What if an employer cannot afford to make redundancy payments

Under the Employment Rights Act 1996, if an employee who is being made redundant has more than two years continuous service, they are entitled to statutory redundancy pay, amongst other payments, as part of their termination package.

Your employer should pay you your redundancy pay on the date you leave work, or an agreed date soon after. They’ll pay you in the same way they paid your wages, for example into your bank account. Your employer has to tell you in writing how your redundancy pay was calculated and when you’ll get your payment.

What happens when an employer finds themselves in the difficult financial position where they are unable to pay their employees statutory redundancy payments?

This legislation has not been amended and still remains in place despite the current COVID-19 pandemic that has affected the financial situation of thousands of businesses and employers in the UK.

The Redundancy Payment Service

If an employer cannot afford to pay their employees redundancy pay, then the employee could pursue the employer through the employment tribunal or civil court to claim the money they are owed.

An alternative support option for the employer is to apply to the Government’s Redundancy Payments Service (RPS) for financial assistance. The RPS is part of a wider Government agency called the Insolvency Service.

If the employer’s application is approved, then the RPS will make the statutory redundancy payments to the employee directly on the employer’s behalf.

Who can apply to the Redundancy Payment Service?

Any employer who is not subject to formal insolvency proceedings can apply, so this includes businesses that:

  • are still trading;

  • have stopped trading but have not gone formally insolvent;

  • will soon stop trading but are not going formally insolvent.

To be eligible for financial assistance from the RPS, an employer must provide evidence that they cannot afford to pay their employees statutory redundancy pay.

The RPS must also be satisfied that the former employees are eligible for statutory redundancy pay. A person will normally be entitled to redundancy pay if they:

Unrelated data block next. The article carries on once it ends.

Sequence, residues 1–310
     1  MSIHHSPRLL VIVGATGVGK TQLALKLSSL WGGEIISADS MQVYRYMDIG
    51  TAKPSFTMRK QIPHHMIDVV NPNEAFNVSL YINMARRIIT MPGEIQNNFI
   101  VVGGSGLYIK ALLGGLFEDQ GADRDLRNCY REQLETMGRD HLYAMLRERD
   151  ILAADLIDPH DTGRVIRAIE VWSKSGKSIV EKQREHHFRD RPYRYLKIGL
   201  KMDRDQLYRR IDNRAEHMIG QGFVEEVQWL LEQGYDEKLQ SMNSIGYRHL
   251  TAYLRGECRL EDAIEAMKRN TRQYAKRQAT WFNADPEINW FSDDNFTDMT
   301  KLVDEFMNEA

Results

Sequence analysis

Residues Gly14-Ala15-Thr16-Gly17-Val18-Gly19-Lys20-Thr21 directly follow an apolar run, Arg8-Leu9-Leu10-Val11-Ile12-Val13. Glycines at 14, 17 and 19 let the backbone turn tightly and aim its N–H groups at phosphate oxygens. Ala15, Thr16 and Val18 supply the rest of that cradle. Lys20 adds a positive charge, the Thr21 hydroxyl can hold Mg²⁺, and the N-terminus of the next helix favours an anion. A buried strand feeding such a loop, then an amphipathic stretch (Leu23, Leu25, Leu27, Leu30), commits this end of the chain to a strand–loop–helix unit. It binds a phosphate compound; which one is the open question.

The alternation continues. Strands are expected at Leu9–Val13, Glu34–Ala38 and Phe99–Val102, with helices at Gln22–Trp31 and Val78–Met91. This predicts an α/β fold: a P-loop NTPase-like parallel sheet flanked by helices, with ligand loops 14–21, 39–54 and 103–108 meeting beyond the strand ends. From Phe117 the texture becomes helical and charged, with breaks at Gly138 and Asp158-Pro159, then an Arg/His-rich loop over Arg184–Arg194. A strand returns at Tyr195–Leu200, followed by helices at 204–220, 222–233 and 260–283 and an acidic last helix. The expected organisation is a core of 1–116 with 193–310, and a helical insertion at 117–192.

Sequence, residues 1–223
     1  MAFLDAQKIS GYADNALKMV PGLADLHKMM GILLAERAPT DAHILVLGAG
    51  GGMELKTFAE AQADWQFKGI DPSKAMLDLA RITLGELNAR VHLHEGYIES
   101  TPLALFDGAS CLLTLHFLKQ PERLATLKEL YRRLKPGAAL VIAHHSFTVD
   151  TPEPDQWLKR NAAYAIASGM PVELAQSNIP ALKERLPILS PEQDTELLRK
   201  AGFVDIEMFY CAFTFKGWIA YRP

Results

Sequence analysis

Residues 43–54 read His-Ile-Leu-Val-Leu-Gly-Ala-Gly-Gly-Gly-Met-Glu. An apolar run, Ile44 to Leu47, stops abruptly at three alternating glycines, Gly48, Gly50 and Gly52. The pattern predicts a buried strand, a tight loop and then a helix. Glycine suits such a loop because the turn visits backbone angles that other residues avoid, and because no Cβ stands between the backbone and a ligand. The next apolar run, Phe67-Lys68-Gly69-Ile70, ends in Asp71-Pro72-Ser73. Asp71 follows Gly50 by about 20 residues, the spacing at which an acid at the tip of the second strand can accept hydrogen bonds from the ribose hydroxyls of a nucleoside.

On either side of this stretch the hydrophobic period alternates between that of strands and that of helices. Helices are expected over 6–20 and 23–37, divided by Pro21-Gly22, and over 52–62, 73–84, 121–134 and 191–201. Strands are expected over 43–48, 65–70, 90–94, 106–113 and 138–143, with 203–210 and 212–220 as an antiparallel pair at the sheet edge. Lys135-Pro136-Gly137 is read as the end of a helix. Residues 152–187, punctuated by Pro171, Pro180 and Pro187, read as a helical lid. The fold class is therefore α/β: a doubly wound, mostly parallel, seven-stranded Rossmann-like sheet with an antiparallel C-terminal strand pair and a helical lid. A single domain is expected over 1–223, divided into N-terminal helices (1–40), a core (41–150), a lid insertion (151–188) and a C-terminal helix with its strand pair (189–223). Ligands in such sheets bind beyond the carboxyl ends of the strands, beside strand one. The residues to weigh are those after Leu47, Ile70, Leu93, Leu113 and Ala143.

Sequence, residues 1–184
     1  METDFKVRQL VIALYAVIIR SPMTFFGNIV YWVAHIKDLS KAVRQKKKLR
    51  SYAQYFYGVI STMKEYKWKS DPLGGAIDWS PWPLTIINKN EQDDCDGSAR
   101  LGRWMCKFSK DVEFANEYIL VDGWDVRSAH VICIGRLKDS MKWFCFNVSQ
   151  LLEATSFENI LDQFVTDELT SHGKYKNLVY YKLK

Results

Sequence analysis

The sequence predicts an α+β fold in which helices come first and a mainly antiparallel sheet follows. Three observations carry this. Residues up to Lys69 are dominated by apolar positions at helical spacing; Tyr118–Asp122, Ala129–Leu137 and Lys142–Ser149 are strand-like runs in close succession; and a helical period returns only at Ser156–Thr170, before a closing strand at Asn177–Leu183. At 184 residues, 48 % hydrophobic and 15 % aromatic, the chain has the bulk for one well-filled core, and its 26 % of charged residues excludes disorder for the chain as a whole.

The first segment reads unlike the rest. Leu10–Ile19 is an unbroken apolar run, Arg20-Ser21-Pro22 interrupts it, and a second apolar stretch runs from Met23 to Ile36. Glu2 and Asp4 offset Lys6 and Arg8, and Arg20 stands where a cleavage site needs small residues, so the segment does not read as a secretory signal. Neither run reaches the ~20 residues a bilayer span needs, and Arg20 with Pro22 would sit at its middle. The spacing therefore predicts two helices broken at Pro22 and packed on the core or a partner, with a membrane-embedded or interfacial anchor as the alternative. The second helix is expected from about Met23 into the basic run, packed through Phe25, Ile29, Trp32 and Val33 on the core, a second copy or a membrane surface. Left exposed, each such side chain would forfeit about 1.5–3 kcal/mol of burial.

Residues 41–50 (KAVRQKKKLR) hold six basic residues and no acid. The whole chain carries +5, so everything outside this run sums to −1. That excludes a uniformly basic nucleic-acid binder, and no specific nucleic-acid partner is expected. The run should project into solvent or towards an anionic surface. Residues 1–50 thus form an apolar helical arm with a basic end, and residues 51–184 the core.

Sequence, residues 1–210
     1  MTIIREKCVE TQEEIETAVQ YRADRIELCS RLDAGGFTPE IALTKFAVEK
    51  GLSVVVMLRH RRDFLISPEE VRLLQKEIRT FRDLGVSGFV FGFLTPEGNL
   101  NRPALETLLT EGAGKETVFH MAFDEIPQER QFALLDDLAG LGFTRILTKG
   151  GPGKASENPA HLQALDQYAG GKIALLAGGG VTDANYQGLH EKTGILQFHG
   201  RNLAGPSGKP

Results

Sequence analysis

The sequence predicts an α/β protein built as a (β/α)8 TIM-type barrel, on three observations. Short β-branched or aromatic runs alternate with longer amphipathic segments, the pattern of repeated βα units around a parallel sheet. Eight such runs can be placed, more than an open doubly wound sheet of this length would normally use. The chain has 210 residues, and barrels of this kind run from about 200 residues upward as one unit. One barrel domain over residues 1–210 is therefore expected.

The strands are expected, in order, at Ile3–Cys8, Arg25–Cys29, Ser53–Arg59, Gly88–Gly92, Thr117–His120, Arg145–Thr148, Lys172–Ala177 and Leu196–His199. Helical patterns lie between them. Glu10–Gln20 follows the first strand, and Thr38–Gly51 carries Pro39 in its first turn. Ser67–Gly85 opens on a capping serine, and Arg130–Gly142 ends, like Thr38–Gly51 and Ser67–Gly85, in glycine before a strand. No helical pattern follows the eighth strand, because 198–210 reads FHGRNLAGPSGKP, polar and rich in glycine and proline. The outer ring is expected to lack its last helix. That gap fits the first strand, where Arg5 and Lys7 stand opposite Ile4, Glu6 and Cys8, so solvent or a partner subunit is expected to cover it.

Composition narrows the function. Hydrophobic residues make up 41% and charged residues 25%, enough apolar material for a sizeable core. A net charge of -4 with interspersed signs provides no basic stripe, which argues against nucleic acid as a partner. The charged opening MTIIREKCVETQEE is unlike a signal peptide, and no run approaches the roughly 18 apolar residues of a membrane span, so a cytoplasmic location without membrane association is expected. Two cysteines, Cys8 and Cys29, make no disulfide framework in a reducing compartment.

• have been made redundant;

  • were an employee;

  • were continuously employed by the insolvent business for two years or more.

What payments can the Redundancy Payment Service make?

Payments made by the RPS are subject to statutory limits, which include that a maximum of 20 years’ redundancy can be paid per employee, and there is a cap on weekly rate of pay. Redundancy payments are capped at £538 a week or £525 if the person was made redundant before 6th April 2020.

A person will receive:

  • half a week’s pay for each full year they were employed and under 22 years old;

  • one week’s pay for each full year they were employed and between 22 and 40 years old;

  • one and half week’s pay for each full year they were employed and 41 or older.

The RPS cannot make any other types of payments unless the employer enters into formal insolvency proceedings. These payments include, but are not limited to:

  • arrears of wages or salary;

  • any owed holiday pay;

  • any owed statutory notice pay;

  • any owed contractual notice pay.

How to make an application to the Redundancy Payment Service

To apply, the employer needs to email the RPS at RPS.FA@insolvency.gov.uk stating in their email the following information:

  • the name of the applicant;

  • whether the applicant is the employer;

  • whether the applicant should be the main point of contact;

  • business name;

  • business address;

  • headcount number of redundancies.

The RPS will then provide the person who is the applicant with further details on what the minimum requirements are for proving that they meet the qualifying criteria.

Recovering payments

If the RPS makes any statutory redundancy payments on behalf of a solvent employer, the RPS will then try to recover the cost of those payments from the employer.

If the employer fails to repay debt to RPS then debt enforcement action may be taken against the employer.

Other elements to take into consideration

Under the Enterprise Act 2002, an employer may be able to use other, more appropriate sources of aid to help them to recover from financial problems.

The RPS cannot advise on whether it remains appropriate to continue trading, and it is advisable to seek professional advice if there is any uncertainty. The RPS says that acceptance or rejection of a financial assistance application must not be used as an indication that a company should, or should not, continue to trade.